Café Léo – Perfect specialty coffee

Café Léo – Introduction

Café Léo was a wonderful find in the seaside town of Perpignan in Roussillon – it is a town that is quite close to the Spanish border. We had driven here to meet up with Laurent Roger and Melissa Ingrand whose incredible wine is produced under the Mataburro label. We had been importing their wine for a couple of years but our desire to walk through their vineyards had been interrupted by torrential rain on our only visit just before the Covid outbreak. This trip the weather was agreeable and we had a pleasant walk through their vineyards on the edge of the city and a congenial lunch at their home.

In the past, however, we have always had difficulty finding a place in this area for a morning coffee to our liking. We were staying in the centre of the city and so we went looking for somewhere that looked approachable.

Not too far from where we staying we saw a place called Café Léo where the interior looked very sparse with very clean lines and they were advertising V60 coffee as well as espresso. This along with words on the menu such as “specialite” and “artisanal” was enough to entice us inside. The V60 signals that they make filter coffee where the filter forms a 60 degree angle ensuring that the water drips through the coffee grounds at the correct speed.

You will notice from the menu above that the espresso sells for a paltry 2 euros. This is an historical issue where cheap beans from colonies in Africa and Vietnam had provided France with coffee at a very low price. The problem here is that much of the coffee sold in France is of the Robusta variety which has a higher caffeine content than other varieties and is also more bitter than other varieties. However, there is no Robusta at Café Léo!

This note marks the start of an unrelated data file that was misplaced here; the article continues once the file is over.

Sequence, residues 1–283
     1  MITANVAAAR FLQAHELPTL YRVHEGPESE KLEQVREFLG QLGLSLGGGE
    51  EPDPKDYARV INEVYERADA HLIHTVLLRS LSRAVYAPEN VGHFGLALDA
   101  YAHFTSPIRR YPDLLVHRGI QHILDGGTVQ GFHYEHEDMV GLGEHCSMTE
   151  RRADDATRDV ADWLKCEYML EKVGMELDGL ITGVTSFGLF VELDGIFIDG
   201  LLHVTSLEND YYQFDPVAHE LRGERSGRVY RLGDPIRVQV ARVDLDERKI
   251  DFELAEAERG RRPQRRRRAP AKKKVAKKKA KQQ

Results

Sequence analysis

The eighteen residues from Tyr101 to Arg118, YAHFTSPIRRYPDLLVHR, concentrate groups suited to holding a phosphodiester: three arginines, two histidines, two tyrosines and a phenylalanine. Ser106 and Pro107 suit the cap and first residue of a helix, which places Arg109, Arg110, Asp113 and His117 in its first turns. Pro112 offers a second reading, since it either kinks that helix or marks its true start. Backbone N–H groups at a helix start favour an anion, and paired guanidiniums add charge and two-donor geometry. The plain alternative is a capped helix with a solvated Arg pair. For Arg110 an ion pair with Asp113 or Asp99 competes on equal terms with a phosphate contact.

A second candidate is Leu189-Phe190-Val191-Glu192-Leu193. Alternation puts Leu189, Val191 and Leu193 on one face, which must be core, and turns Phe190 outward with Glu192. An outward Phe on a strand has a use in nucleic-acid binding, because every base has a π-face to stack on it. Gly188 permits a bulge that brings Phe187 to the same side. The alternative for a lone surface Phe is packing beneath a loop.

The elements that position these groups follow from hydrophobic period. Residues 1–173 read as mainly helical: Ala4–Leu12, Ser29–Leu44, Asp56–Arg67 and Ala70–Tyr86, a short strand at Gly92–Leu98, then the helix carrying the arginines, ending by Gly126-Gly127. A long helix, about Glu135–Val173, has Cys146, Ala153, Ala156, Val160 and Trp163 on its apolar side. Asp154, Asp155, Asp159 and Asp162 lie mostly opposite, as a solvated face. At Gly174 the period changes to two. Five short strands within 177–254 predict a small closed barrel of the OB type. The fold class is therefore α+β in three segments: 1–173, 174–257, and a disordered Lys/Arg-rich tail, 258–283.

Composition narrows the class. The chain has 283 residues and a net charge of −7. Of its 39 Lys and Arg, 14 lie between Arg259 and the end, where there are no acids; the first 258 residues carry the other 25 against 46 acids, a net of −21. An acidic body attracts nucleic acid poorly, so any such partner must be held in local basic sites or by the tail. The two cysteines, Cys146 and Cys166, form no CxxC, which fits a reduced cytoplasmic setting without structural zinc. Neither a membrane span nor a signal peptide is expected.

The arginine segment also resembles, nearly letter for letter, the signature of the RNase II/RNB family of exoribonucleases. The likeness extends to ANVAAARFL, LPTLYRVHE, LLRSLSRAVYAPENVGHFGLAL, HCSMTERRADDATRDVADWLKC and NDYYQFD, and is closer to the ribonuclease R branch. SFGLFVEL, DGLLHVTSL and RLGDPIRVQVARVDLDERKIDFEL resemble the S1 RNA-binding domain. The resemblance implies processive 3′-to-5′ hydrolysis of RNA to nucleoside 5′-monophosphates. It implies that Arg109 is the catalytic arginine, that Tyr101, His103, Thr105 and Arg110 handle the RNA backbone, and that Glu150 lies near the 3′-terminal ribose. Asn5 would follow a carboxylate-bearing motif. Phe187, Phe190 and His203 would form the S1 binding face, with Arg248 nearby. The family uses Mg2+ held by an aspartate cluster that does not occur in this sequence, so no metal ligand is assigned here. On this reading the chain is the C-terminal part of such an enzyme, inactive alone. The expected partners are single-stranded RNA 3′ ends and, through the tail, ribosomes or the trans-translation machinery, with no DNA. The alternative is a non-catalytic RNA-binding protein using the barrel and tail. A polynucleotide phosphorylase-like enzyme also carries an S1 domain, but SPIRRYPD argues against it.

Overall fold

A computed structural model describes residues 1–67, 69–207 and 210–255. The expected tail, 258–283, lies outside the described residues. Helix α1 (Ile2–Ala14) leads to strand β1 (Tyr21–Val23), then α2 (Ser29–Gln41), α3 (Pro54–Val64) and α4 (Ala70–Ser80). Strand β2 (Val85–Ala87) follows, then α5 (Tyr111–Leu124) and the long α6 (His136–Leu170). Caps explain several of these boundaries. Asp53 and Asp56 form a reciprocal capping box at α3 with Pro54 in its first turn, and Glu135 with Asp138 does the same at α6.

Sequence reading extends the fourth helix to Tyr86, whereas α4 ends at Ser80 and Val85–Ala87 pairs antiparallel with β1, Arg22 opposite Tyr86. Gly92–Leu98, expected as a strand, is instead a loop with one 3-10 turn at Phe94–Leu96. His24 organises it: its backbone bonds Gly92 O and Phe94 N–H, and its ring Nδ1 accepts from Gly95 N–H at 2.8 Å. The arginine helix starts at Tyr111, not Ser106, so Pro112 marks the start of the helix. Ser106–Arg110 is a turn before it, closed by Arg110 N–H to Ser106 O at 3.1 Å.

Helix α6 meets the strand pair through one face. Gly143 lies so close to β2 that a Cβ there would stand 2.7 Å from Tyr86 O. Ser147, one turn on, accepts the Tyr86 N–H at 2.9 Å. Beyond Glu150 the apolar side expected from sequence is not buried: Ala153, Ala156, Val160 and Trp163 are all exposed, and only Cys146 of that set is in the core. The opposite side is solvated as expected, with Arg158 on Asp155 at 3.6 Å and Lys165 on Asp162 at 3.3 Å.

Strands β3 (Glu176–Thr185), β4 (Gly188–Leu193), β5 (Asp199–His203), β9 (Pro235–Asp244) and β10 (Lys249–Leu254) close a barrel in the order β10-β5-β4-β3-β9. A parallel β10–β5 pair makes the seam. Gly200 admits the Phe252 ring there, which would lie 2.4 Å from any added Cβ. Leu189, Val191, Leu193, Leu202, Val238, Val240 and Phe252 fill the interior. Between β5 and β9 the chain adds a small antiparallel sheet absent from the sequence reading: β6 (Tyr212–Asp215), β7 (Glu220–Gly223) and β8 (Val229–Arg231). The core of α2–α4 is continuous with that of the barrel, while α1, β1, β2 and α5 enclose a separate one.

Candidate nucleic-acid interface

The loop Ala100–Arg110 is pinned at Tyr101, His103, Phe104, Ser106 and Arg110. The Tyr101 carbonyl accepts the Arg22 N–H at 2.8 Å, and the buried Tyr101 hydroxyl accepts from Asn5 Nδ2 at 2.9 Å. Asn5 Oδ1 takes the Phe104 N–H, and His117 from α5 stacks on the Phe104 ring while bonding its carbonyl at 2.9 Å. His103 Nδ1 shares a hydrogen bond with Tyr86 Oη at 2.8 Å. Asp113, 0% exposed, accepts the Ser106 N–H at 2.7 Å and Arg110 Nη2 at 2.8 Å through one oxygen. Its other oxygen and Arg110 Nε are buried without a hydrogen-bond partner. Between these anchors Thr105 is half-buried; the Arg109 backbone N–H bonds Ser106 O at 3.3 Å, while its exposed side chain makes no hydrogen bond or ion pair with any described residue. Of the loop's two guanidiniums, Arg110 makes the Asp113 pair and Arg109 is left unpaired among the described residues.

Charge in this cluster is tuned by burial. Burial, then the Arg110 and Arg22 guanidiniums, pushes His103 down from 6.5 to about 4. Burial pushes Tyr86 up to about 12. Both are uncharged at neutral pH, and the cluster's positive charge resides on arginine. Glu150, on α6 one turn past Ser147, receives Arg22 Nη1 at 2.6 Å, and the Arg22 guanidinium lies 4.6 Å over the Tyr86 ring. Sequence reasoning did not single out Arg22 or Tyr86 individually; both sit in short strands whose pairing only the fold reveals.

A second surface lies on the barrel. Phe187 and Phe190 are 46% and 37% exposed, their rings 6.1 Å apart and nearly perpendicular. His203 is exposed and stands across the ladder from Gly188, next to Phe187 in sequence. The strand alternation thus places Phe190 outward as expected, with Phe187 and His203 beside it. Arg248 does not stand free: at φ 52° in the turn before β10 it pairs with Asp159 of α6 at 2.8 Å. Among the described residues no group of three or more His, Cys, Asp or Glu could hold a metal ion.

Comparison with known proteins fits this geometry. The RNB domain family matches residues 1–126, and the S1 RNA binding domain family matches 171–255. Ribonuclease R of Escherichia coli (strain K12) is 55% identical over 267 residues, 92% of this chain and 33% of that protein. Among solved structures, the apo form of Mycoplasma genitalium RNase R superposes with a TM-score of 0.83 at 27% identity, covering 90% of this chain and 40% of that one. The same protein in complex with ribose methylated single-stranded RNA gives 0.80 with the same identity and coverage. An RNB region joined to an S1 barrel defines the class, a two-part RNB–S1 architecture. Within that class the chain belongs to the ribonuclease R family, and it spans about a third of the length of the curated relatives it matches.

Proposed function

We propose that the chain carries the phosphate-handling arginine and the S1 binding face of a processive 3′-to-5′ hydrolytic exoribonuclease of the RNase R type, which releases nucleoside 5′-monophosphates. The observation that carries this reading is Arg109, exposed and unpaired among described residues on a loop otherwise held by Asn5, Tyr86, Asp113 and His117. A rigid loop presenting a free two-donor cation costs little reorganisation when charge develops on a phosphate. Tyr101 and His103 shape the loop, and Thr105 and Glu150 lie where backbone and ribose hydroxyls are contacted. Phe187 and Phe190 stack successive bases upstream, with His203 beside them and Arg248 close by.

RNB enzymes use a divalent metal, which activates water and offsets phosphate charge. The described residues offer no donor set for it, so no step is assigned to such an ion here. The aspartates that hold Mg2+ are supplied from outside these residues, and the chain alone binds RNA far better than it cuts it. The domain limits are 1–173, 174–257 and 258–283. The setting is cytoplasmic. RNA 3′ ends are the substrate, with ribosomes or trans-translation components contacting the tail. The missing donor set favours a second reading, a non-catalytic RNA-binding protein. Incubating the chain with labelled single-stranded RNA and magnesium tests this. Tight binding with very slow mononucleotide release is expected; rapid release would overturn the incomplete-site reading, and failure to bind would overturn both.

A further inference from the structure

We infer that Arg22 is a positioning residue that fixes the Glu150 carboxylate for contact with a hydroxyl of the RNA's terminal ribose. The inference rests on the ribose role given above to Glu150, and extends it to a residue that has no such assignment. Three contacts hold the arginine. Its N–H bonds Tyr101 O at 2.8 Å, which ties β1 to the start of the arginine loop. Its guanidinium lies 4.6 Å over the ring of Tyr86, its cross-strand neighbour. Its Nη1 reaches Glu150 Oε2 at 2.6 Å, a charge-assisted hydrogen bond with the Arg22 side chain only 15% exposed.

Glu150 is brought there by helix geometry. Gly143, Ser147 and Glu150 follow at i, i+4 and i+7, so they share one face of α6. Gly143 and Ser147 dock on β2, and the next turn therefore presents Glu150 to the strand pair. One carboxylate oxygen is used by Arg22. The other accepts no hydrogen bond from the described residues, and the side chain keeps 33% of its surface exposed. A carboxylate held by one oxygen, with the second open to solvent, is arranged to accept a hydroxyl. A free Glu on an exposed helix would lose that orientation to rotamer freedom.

Once we were seated inside we could appreciate that this was a place where the owner is very serious about his coffee.

As it was our first coffee of the day our normal order is for an espresso followed by a filter coffee of some type. Here the owner likes to use the V60 filter approach.

The espresso coffees arrived soon after ordering on a tray with a glass of water for each of us. It was accompanied by a spoon to taste the espresso and stir it, not to add sugar which is not provided.

The filter took longer as we expected. First we knew that they use the Chemex filter papers here from the indication on the menu. These filter papers are thicker than many that are used in the industry and therefore take longer for the water to penetrate.

It takes a little while to first of all fold the filter paper so that it fits exactly in the container, to wet the filter paper, to measure out the coffee so that the exact quantity of beans are identified, then the beans must be ground to the perfect size – not too small and not too coarse, and then the hot water (around 90 degrees Centigrade) poured slowly over the coffee grounds and then wait for it to slowly penetrate the filter. It normally takes about five minutes for the water to penetrate the beans and the paper.

The photo below shows the owner preparing our coffee.

We can thoroughly recommend this venue for the quality of the coffee and the care and attention of the owner. It is also a very relaxing place to sit and enjoy the coffee. We are looking forward to our next trip to France as a stop in Perpignan will be a high priority.

We should add a little about the coffee we were served. It was a naturally processed coffee made from the Catucai variety grown organically by the Minamihara family. They are descended from Japanese migrants who migrated to Brazil in the 1930s and now have a thriving coffee business.

We have included Café Léo in our survey of places to eat and drink in France outside Paris here.

You can access their Web site here but it currently only shows their address.

Additional information

Name: Café Léo

Street: 1 rue de la République

Town: Perpignan, 66000

Opening hours: Tue – Sat, 10am – 6pm

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